Leonhard Euler was an eminent Swiss mathematician and physicist, who is widely credited to be one of the founders of pure mathematics. He made significant contributions to modern analytic geometry and trigonometry. Euler’s critical and formative work revolutionized the fields of calculus, geometry and number theory.
Early Life and Education:
Leonhard Euler’s father wished to see his son as a clergyman. He attended the University of Basel, where he soon developed an interest in geometry. Therefore, Euler, with support from his future teacher, Johann Bernoulli, persuaded his father to persue mathematics.
Contributions and Achievements:
Leonhard Euler became a member of the St. Petersburg Academy of Science in 1727. He also worked for Russian Navy from 1727 to 1730 as a medical lieutenant. At the academy, Euler served as professor of physics in 1730, and three years later, became a professor of mathematics in 1733.
Euler published several articles during this time, and his book “Mechanica” (1736-37), which was the first work to portray Newtonian dynamics in the form of mathematical analysis, earned him worldwide fame as a prominent mathematician. He joined the Berlin Academy of Science in 1741 on the invitation of Frederick the Great. However, the two never got on well with each other. Nevertheless, Euler wrote more than 200 articles, three books regarding mathematical analysis, and a famous scientific publication “Letters to a Princess of Germany” during his stay at Berlin.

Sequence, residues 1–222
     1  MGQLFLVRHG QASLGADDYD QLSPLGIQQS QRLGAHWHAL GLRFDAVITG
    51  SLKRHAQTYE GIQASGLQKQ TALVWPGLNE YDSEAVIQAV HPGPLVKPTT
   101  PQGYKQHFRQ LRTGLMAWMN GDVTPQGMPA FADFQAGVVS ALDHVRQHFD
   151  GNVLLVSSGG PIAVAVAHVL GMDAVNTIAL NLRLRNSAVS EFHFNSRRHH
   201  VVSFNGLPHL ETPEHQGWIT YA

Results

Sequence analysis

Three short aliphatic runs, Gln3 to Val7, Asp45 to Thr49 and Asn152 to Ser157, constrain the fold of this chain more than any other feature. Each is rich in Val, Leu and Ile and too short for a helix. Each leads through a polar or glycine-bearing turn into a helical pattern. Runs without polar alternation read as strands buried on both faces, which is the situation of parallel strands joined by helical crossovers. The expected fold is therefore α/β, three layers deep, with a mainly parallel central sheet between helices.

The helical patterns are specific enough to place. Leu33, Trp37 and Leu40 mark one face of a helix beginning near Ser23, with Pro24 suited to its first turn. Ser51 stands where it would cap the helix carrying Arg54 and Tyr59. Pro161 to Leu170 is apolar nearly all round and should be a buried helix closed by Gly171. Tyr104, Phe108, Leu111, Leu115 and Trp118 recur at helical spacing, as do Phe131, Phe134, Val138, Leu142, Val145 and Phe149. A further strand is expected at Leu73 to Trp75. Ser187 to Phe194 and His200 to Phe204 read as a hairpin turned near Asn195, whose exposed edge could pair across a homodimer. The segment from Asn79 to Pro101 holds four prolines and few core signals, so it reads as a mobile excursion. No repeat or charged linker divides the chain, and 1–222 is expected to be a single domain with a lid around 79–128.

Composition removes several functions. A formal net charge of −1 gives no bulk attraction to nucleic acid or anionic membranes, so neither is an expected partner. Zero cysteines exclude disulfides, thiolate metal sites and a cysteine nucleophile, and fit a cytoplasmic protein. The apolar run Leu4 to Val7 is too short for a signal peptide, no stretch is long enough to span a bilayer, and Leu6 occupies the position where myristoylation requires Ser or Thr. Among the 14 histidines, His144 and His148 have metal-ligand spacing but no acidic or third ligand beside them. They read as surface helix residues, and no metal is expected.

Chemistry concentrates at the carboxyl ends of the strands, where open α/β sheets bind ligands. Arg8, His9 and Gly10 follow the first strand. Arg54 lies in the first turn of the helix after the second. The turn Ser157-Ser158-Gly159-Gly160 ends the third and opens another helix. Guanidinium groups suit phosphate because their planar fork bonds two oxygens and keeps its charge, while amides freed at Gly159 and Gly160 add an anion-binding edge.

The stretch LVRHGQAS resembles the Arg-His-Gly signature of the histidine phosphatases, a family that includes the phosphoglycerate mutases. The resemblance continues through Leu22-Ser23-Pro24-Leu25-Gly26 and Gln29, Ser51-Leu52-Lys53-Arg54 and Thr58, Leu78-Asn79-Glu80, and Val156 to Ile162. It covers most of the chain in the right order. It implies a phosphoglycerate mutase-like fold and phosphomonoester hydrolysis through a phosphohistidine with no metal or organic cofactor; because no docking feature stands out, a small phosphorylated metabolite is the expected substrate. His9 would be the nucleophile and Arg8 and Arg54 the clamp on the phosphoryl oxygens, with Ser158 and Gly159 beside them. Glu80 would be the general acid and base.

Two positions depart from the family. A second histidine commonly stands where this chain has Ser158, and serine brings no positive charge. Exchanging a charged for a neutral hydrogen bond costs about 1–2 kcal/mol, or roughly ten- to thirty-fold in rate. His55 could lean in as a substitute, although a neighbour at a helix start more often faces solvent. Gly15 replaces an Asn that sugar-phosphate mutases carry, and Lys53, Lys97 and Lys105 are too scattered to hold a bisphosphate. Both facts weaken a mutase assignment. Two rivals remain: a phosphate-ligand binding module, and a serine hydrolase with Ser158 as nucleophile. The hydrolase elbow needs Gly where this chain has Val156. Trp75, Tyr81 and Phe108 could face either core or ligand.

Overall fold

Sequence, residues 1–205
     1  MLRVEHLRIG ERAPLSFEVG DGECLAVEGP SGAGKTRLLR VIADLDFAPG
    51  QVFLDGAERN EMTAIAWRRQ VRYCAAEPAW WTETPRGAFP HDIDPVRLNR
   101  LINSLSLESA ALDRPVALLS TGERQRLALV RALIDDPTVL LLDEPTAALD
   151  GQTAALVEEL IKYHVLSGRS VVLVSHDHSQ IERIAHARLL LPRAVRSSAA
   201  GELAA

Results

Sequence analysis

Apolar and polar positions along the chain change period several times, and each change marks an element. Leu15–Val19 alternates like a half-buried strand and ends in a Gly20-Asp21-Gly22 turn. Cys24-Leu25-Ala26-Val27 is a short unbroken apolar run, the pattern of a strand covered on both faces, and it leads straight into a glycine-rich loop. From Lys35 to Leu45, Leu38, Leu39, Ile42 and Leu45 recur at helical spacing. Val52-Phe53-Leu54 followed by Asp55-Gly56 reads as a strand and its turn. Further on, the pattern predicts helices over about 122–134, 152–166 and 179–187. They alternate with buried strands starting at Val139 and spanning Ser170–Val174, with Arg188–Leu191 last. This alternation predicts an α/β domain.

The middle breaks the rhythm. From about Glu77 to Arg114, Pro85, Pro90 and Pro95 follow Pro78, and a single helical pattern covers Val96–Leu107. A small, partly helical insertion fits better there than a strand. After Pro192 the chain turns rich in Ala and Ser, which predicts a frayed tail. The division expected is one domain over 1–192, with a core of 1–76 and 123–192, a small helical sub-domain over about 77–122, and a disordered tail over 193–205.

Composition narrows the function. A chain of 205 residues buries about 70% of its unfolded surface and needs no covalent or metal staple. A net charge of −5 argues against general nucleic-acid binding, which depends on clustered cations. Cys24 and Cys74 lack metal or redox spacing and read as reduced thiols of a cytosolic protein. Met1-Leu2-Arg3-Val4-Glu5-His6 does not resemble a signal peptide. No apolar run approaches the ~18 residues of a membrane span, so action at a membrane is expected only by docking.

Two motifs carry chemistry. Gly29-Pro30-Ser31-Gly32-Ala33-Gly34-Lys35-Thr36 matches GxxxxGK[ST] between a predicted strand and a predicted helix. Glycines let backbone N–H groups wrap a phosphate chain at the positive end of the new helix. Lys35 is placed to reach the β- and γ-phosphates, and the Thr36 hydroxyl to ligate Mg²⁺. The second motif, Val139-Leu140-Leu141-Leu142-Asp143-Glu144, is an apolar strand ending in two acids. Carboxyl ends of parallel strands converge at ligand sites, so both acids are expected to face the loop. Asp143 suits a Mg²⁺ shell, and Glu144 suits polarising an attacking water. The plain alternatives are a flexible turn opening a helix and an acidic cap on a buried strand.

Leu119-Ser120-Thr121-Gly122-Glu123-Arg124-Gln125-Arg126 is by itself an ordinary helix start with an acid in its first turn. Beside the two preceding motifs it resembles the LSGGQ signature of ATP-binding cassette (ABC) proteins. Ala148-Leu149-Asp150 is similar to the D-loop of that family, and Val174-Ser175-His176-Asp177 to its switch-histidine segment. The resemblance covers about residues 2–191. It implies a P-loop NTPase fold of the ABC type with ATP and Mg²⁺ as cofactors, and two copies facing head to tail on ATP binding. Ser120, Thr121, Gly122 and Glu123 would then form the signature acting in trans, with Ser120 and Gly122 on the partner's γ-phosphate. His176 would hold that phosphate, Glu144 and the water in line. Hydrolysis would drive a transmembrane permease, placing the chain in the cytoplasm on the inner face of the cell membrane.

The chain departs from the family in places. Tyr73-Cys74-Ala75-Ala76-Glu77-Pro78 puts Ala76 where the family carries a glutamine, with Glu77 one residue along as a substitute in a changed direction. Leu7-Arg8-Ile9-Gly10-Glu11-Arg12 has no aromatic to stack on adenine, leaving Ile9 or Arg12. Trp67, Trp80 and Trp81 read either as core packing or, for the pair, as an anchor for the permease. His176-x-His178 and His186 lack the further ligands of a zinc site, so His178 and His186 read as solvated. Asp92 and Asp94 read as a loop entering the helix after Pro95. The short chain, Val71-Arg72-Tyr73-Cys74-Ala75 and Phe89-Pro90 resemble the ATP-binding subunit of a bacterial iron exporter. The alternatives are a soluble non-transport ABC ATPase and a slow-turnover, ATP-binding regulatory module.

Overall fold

Euler made groundbreaking contributions to analytic geometry, trigonometry, calculus and number theory. He was the first person to integrate Leibniz’s differential calculus and Newton’s method of fluxions into mathematical analysis, and to state the prime number theorem and the law of biquadratic reciprocity when it came to number theory. He published about 886 books and papers and still remains the most prolific writer of mathematics in history.
Later Life and Death:
Leonhard Euler died of a brain hemorrhage in 1783. He was 76 years old. Euler was buried next to his first wife, Katharina, at the Smolensk Lutheran Cemetery.